A Lower Sabine River Kayak Trip never entered my mind until a few friends proposed the idea a few months ago. The date was set and everyone settled back into work and life, not really thinking about it too much. Eventually when the date arrived, all of us – 6 in total made the final preparations for a journey down the Lower Sabine River.
The Sabine forms a goodly portion of the border between Texas and Louisiana, and the section we planned to run was below Toledo Bend Reservoir and would consist of ~25 miles of twisting channel.
The Lower Sabine River plays a key part in the development of east Texas. The area was important to a Clovis people and the Caddo culture. The Caddos lived along the river until about 1300 A.D. Eventually with the arrival of the Spanish, the Lower Sabine River became the eastern extent of provincial Spain in Texas. During the later development and arrival of more European settlers to the region, the Lower Sabine River was vital in the transportation of lumber and other goods from the deep Piney woods to the ports of Beaumont, Port Arthur and Orange.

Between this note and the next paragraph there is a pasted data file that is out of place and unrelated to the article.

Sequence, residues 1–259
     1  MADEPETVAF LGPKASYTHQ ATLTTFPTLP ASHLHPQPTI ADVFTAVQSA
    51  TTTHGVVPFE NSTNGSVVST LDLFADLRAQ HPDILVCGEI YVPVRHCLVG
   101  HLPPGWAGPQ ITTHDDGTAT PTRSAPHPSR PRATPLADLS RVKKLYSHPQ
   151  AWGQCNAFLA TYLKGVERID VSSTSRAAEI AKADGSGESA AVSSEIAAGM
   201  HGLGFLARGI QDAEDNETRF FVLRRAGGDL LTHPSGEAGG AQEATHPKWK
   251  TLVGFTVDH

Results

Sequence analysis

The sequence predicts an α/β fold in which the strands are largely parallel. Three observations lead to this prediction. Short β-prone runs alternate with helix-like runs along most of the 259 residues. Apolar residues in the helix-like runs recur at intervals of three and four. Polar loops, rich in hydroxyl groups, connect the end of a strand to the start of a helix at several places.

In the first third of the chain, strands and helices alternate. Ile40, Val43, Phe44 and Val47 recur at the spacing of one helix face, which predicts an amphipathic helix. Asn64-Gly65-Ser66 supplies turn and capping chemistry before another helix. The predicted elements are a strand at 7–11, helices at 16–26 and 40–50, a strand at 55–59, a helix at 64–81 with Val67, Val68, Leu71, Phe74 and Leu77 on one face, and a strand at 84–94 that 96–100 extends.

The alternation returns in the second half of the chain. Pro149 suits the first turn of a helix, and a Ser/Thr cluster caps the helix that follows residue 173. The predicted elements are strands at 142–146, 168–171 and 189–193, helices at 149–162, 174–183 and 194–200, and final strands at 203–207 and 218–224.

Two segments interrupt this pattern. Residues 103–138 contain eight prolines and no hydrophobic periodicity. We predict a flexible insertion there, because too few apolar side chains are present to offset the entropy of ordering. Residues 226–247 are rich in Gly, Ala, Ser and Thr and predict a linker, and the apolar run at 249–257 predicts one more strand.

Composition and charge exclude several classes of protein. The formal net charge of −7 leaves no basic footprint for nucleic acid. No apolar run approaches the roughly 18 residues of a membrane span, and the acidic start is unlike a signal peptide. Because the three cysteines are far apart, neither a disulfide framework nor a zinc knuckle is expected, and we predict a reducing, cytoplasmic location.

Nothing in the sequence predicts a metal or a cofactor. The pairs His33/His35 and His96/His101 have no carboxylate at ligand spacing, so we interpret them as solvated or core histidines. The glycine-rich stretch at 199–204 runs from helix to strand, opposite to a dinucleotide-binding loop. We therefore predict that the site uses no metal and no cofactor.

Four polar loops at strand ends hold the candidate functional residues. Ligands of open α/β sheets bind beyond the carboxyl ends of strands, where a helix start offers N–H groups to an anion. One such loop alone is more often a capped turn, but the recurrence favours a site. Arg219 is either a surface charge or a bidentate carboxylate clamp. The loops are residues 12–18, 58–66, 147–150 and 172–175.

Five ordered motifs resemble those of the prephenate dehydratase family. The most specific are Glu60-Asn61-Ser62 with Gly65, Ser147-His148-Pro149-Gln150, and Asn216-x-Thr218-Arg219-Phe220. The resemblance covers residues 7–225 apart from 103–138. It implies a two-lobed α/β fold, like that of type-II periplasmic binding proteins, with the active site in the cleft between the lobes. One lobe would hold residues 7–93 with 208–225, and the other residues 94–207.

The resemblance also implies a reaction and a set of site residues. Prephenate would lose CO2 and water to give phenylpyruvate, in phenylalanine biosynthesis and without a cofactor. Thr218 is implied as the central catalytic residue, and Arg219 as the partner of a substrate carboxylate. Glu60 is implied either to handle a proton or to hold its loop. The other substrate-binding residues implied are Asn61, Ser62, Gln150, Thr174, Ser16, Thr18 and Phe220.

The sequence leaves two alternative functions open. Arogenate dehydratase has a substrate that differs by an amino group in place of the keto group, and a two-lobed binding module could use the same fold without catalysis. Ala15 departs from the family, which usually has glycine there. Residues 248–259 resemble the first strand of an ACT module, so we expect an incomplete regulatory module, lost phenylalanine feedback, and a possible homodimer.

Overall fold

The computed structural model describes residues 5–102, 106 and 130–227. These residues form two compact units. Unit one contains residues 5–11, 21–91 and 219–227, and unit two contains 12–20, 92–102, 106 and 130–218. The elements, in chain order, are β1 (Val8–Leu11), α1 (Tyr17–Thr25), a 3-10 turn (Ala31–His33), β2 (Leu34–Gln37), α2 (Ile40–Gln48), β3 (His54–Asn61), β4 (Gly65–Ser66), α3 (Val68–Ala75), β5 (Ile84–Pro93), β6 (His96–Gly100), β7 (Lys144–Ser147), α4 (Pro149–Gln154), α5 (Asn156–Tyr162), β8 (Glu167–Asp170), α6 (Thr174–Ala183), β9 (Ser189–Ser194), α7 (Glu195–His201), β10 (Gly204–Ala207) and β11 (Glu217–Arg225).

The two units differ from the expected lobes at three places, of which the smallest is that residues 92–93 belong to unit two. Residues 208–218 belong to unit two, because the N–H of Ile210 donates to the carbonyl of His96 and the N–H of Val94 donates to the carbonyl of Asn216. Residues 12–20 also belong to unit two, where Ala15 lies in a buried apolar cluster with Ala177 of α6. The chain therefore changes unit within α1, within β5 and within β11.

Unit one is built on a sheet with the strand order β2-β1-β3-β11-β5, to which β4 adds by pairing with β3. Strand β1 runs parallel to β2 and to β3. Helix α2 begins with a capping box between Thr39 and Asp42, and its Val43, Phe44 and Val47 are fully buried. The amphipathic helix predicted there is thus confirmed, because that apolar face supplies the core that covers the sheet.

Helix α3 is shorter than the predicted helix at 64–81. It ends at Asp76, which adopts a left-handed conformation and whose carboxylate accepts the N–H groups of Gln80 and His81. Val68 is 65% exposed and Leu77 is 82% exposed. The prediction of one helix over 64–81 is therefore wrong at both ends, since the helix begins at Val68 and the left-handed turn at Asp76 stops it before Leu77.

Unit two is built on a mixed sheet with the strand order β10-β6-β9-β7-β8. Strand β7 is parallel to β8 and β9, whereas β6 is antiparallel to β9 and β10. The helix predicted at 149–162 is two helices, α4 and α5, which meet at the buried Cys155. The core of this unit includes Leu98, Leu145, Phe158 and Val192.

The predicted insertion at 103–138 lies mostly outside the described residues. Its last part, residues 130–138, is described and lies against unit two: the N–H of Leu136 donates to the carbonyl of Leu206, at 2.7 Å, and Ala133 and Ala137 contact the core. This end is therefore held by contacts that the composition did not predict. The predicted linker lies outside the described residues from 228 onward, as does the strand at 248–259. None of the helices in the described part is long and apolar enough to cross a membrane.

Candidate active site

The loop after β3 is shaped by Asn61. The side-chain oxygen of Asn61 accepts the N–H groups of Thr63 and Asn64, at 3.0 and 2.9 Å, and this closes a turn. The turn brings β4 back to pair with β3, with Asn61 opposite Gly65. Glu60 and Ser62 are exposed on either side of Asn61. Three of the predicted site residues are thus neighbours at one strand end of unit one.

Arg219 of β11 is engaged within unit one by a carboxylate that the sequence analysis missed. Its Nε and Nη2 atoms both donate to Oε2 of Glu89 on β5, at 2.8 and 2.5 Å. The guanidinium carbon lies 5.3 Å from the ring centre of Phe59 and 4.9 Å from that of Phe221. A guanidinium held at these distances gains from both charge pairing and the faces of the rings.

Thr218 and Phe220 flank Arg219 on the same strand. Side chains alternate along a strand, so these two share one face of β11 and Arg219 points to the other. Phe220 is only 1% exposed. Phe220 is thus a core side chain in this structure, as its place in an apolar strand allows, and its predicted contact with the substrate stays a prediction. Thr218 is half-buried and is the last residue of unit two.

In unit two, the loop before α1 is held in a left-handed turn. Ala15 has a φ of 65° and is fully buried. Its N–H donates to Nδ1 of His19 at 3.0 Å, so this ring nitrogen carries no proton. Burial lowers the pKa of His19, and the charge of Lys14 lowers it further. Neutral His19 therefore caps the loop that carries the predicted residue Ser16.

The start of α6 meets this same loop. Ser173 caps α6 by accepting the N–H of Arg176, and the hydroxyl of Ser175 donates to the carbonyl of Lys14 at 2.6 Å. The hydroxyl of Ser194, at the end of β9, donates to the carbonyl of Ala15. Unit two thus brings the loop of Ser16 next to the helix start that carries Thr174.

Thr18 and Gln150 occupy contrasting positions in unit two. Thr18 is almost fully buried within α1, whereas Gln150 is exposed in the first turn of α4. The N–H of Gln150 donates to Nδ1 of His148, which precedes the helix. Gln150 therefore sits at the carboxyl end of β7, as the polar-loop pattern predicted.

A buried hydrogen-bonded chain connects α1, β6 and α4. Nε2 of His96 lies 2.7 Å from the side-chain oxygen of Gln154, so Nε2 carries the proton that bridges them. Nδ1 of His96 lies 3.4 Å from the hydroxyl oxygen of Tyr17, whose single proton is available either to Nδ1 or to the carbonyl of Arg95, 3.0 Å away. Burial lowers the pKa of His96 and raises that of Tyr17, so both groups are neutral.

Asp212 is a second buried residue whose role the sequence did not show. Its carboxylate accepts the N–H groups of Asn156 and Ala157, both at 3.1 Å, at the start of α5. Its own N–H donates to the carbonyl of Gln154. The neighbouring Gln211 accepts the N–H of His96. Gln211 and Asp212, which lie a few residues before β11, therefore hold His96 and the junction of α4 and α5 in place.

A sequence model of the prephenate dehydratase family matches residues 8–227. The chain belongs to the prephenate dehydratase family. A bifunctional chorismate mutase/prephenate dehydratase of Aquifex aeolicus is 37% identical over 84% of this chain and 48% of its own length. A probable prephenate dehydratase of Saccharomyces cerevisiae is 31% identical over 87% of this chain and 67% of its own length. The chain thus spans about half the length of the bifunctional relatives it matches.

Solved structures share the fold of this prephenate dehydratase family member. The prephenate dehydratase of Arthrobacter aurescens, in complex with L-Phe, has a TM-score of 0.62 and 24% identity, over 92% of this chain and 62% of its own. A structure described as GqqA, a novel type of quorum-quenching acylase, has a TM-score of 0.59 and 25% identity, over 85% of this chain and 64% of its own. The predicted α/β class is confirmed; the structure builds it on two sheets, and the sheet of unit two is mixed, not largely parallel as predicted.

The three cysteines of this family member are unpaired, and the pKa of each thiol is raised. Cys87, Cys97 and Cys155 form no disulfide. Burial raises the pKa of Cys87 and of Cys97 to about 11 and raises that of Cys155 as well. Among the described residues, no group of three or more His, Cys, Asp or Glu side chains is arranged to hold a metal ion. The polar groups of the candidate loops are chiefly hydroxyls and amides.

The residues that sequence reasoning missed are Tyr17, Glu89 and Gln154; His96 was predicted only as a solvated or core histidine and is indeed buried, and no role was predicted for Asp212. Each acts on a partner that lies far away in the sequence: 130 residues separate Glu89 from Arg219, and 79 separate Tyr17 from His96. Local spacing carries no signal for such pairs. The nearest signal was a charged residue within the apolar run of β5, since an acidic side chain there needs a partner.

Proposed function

In 1949 and 1950 the states of Texas and Louisiana both formed River Authorities to manage the resource. As a result, the construction of Toledo Bend Reservoir began. The multi-purpose dam served to provide for flood control, water conservation and hydroelectric power and was completed in 1969.
I digress, so back to the journey which began on October 3rd.
The section of the Lower Sabine River that was of interest to us was about 10 miles below the dam in a sparsely populated region of pine lowlands that straddled both sides of the river. We began our trip from a point on the River where Texas Hwy 63 crosses the river and turns into LA Hwy 8. With all the required equipment and necessities, we dragged the kayaks down to the river and shuttled all the vehicles to our take out point on the Louisiana side of the river, about 27 river miles downstream. Once we returned, with a final check of the kayaks and fishing gear, we slid off and entered the current.
The river was higher than anticipated as a result of large discharges from power generation at the dam, and finding a high and dry beach to camp on was a nagging concern to some in the group.
We had spent the previous night in a lake house on Toledo Bend, kindly provided by one of our party. After an explosive night of thunder, lightning and heavy rain from the passage of a cold front, we were blessed with spectacular weather. Crystal blue skies, light wind and low humidity were the order of the day. After a cool morning, the sun warmed our faces and the sand. The water in the river was still warm from summer. The forecast promised clear warm days in the mid 80’s and cool nights in the low 50’s. There was no rain in the forecast.